After reading the Bothe and Kohlhörster paper, Rossi invented and published in Nature the design of an electronic coincidence circuit, which was a fundamental electronic device for studying high-energy nuclear physics and a basic building block of modern computers.[1] Its adaptability to the detection of coincidences among any number of pulses enabled the detection and identification of rare events that produce coincident pulses in several counters in the midst of high rates of background pulses in each counter.[3] By the spring of 1930, Rossi had fabricated Geiger-Müller counters and had carried out several coincidence experiments. He sent his results to Bothe, who invited him to visit his Berlin laboratory, where he carried out an improved version of the Bothe and Kohlhörster experiment, detecting cosmic-ray particles that traversed 9.7 cm of lead. A plot of the triple coincidences as a function of the amount of the lead above the counters against the lead’s thickness, which came to be known as the Rossi curve, showed a rapid rise as the lead layer was increased, followed by a slow decline.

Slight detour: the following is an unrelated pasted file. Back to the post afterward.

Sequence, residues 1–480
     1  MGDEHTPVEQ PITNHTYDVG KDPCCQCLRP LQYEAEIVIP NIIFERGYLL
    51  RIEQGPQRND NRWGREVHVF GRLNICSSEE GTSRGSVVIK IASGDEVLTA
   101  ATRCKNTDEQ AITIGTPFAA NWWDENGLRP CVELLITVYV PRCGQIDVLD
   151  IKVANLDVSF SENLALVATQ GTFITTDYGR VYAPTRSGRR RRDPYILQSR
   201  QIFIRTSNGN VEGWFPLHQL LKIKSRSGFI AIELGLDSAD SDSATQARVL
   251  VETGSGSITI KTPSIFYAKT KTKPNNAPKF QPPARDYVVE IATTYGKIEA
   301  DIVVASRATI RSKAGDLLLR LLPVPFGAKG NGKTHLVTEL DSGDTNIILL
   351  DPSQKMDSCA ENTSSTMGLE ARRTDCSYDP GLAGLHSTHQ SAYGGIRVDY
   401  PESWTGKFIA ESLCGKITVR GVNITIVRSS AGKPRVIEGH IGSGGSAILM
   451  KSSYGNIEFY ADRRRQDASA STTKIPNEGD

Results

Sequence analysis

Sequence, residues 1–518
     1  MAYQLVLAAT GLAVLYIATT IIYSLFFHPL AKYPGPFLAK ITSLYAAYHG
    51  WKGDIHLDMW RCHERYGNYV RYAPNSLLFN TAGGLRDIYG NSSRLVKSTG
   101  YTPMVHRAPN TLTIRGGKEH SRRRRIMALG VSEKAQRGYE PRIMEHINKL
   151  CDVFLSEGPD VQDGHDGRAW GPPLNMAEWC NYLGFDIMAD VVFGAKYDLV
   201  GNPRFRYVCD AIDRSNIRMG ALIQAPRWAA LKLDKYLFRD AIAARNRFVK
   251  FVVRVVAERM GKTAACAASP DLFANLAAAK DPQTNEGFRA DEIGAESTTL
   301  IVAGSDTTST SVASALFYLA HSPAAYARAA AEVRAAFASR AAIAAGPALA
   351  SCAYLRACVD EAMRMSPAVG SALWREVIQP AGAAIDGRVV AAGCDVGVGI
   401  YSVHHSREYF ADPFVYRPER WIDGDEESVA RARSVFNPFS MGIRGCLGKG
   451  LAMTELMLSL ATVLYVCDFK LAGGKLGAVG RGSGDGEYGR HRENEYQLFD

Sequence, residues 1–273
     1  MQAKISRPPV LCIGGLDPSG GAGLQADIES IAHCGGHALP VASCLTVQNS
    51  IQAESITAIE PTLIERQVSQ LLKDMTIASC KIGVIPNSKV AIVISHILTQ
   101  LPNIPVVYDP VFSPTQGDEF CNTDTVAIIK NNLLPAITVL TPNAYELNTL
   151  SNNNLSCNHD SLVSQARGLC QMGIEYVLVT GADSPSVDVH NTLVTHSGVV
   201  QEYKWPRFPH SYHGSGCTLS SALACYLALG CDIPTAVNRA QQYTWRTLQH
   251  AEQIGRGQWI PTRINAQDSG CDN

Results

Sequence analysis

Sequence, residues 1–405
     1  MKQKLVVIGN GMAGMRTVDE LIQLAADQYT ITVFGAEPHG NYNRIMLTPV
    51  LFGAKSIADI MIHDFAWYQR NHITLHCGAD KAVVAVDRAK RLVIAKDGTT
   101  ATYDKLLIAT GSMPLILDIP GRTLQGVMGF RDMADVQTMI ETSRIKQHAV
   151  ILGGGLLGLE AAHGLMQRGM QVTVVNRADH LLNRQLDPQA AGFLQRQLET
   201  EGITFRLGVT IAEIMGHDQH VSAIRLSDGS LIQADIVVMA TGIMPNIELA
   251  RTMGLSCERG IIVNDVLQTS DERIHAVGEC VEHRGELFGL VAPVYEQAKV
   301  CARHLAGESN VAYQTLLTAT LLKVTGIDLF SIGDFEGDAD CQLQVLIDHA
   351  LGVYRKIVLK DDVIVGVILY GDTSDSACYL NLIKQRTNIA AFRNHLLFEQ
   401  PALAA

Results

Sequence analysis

These experiments showed that ground-level cosmic rays consist of two components: a “soft” component which is capable of prolific generation of multiple particle events, and a “hard” component which is capable of traversing great thicknesses of lead. At Fermi’s invitation, Rossi delivered the introductory talk the Rome international conference on nuclear physics in 1931. Before an audience that included Millikan and Arthur Compton, Rossi outlined his reasons for doubting Millikan’s theory. Millikan definitely was not pleased by the presentation of evidence that most observed cosmic rays are energetic charged particles.

Cosmic ray telescope used by Bruno Rossi during his expedition to Eritrea in 1933.

Cosmic ray telescope used by Bruno Rossi during his expedition to Eritrea in 1933.

In 1932, Rossi was appointed professor of experimental physics at the University of Padua. In 1933, Rossi was able to complete an experiment on the East-West effect. Because this effect is more prominent near the equator, he organised an expedition to Asmara in Eritrea. With Sergio De Bennedetti, he set up a “cosmic ray telescope”, which consisted of two separated Geiger Müller counters in coincidence, whose axis of maximum sensitivity could be pointed in any direction. It soon became apparent that cosmic ray intensity from the West was significantly larger than that from the East. This meant that there was a larger influx of positive primary particles than of negative ones. At the time, this result was surprising, because most investigators held the preconceived notion that the primaries would be negative electrons.